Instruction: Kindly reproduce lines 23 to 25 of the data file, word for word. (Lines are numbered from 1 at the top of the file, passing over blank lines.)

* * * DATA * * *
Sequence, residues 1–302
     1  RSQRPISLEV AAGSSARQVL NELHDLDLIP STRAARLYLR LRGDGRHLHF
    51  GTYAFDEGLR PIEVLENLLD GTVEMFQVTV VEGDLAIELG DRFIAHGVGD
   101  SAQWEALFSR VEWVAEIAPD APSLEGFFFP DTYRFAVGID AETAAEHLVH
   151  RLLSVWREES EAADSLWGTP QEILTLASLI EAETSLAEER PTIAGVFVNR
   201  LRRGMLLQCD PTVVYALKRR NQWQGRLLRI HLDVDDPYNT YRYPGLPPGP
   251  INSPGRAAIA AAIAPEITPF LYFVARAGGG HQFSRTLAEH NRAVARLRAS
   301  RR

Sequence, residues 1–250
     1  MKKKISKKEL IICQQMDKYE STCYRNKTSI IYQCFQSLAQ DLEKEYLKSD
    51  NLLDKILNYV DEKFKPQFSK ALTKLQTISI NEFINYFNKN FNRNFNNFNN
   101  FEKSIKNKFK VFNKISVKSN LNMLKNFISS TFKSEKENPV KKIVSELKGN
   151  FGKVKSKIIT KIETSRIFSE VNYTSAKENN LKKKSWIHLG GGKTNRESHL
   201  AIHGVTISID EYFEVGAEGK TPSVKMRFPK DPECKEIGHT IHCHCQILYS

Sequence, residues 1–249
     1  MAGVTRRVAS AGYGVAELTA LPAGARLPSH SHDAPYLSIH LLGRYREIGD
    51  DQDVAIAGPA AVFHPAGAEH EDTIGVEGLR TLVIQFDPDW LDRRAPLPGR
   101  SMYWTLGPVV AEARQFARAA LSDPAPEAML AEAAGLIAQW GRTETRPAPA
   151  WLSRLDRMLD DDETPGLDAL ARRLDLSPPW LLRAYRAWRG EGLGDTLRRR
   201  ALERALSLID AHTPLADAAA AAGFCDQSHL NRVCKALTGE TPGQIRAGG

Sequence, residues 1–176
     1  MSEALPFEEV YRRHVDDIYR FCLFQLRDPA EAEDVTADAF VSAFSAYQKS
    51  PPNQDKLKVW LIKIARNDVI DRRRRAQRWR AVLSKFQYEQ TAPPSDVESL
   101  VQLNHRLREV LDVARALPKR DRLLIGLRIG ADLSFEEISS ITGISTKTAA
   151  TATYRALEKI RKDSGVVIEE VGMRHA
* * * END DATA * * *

    51  PPNQDKLKVW LIKIARNDVI DRRRRAQRWR AVLSKFQYEQ TAPPSDVESL
   101  VQLNHRLREV LDVARALPKR DRLLIGLRIG ADLSFEEISS ITGISTKTAA
   151  TATYRALEKI RKDSGVVIEE VGMRHA